When Bill Shorten among others asked me to return to the parliamentary leadership in June 2013, I insisted on one core pre-condition: that leaders of the Labor Party henceforth be elected through a ballot of the entire party membership, as well as the parliamentary party, on a 50-50 basis. This would prevent another factionally-driven midnight co
I asked that the caucus meeting convened to authorise the rule change be held in the Balmain Unity Hall, the venue for the first meeting of the ALP in 1891. I well remember then senator Stephen Conroy, another factional leader, railing against the rule change at that meeting, because it would deliver chaos to the party. In fact there was a surge in party membership and massive participation in the election of their new leader. It was this rule change – the one that Shorten’s principal backer Conroy railed against – that actually protected Shorten during 2015 when there was threat of a parliamentary uprising against him following his disastrous opinion polls immediately after Turnbull replaced Abbott. The change reduced factional power, increased the democratisation of the party, created leadership stability, while preventing any of the monstrous excesses we have seen in the British Labor Party under Jeremy Corbyn.
Now, of course the current factional power-brokers want to either freeze party reform in its tracks, or roll back the new leadership rule if they can get away with it. But if the party is to survive and prosper as the authentic voice of progressive politics in Australia, I believe it must do two things.
First the program of democratising the party should continue, including submitting the election of the party’s national conference, national executive and national secretary as well as Senate preselections to a ballot of the entire party membership. This would further reduce union-based factional power and re-engage ordinary people in a broad-based, mass political party.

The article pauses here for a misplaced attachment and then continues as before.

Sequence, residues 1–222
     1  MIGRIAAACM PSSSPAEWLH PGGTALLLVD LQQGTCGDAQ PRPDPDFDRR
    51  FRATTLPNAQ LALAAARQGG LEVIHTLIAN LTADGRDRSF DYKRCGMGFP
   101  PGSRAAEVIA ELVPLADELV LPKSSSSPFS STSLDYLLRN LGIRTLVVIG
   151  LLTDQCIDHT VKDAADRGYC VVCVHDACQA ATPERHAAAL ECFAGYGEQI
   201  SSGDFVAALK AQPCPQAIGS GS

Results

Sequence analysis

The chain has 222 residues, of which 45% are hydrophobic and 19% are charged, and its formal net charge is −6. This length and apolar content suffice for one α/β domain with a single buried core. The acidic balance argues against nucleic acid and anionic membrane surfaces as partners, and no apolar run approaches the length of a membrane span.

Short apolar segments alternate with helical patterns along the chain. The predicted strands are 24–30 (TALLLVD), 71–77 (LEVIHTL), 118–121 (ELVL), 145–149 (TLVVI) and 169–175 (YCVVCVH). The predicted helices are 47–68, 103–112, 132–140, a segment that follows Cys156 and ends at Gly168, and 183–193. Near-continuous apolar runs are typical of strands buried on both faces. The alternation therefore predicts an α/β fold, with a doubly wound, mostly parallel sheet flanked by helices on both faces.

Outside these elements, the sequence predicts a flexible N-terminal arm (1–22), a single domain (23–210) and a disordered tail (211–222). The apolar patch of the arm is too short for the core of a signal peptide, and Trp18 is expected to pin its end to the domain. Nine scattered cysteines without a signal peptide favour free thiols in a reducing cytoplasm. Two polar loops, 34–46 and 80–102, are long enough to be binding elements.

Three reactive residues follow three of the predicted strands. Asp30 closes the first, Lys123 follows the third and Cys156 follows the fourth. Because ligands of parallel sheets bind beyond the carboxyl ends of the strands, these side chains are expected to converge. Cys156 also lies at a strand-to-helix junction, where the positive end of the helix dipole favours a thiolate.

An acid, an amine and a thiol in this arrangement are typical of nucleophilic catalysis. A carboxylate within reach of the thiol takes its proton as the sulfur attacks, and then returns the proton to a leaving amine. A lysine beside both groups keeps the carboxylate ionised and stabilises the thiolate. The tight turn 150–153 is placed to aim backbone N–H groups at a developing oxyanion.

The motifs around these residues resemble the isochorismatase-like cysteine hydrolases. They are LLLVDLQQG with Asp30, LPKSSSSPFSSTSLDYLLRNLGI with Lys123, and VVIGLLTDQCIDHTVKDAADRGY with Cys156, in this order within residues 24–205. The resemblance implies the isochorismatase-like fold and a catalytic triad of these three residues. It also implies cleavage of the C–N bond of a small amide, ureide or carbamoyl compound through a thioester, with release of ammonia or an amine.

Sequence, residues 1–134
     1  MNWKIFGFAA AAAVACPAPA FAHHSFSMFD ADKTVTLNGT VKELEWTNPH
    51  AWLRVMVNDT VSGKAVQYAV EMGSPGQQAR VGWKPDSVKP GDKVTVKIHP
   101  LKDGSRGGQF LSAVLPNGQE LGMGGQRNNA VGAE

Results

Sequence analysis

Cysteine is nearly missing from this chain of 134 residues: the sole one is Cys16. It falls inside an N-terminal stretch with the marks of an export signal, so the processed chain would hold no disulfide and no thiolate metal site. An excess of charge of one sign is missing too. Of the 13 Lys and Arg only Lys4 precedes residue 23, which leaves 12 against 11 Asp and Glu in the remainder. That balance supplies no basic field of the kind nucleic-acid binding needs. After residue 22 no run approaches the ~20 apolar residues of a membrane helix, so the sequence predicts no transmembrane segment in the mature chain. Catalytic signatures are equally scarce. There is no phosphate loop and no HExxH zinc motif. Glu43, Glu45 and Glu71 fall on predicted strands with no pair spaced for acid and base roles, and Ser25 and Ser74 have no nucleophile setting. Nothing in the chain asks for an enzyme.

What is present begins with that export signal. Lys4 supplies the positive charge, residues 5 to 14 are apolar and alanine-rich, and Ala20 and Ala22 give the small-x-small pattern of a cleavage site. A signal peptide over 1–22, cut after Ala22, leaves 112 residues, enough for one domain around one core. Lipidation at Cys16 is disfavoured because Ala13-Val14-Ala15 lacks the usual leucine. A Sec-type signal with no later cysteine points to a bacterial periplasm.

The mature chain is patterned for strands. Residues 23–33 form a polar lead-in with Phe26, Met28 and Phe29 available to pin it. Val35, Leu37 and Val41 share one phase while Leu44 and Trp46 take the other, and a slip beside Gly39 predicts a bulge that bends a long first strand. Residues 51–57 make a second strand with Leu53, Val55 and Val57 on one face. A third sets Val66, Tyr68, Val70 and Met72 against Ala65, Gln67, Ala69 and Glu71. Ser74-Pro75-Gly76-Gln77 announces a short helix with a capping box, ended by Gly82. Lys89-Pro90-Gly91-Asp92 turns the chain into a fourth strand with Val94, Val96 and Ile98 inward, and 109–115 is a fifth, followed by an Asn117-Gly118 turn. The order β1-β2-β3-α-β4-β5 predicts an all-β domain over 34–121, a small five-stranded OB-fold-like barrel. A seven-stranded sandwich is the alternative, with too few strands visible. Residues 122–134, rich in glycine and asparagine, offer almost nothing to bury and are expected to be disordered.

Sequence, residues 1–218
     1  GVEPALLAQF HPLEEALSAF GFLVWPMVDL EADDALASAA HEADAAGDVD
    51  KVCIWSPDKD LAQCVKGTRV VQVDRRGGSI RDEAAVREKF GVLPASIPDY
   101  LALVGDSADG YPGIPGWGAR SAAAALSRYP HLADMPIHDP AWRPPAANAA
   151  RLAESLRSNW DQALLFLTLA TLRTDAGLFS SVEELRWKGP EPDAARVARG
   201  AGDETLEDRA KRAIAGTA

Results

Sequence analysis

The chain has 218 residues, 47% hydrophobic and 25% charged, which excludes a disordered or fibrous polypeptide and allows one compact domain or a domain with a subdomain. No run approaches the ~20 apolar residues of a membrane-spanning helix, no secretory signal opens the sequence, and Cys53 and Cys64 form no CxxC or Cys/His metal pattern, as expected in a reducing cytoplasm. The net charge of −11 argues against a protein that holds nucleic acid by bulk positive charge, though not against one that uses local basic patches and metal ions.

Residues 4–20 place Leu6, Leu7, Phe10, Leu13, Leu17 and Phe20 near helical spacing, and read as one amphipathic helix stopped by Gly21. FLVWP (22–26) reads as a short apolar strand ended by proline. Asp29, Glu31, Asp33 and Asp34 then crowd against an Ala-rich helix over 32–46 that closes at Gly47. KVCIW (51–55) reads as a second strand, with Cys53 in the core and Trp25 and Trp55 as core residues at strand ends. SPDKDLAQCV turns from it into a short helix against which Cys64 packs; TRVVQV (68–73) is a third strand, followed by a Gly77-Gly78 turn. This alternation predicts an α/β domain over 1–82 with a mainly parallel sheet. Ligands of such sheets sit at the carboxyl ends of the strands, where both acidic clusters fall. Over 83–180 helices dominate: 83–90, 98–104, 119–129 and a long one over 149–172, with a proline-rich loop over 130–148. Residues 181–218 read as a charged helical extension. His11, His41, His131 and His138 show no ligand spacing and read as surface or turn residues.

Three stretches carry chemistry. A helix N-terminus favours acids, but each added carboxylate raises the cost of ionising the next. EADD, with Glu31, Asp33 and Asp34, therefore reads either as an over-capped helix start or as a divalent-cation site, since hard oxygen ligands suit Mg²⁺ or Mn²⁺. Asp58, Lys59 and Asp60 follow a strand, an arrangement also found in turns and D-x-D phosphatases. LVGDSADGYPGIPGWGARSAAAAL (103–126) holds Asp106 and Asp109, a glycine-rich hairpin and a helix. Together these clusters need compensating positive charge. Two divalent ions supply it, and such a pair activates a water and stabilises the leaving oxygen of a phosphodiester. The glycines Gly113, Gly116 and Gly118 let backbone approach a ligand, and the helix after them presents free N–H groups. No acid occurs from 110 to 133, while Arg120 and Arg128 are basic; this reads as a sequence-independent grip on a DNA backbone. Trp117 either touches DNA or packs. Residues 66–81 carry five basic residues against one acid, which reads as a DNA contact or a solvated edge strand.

Second, the party should use this democratising process to dramatically re-engage the Australian people on a new policy agenda, deploying a fully responsive political leadership, responding to the substantive concerns of those alienated from the political process. This is the only way to prevent the continued bleeding of the party’s vote by the Hansonites, the Greens and other populist parties, as we have seen in the general collapse of the centre-left across the world, as well as the corrosion of the broad political centre as a whole and the steady migration of voters to the extremes.
I remain deeply committed to the Labor Party, having now been a member for more than 35 years. Both the party and the unions have much to be proud of in our long history. The values of the movement are unassailable, anchored in the deep principle of a fair go for all. The achievements of the movement have been extraordinary: workers compensation, conciliation and arbitration, the aged pension, universal healthcare, superannuation for all, universal disabilities insurance, a renewable energy revolution. Those who rail against the arguments I advance in this article will allege I am anti-union. This argument is as cheap as it is untrue. They conveniently forget I was the leader who campaigned successfully during 2007 for the defeat of John Howard, the repeal of his Orwellian “Work Choices” Act, and the introduction of the Fair Work Act which remains in force to this day.
It’s time for the formation of a new Labor reform movement.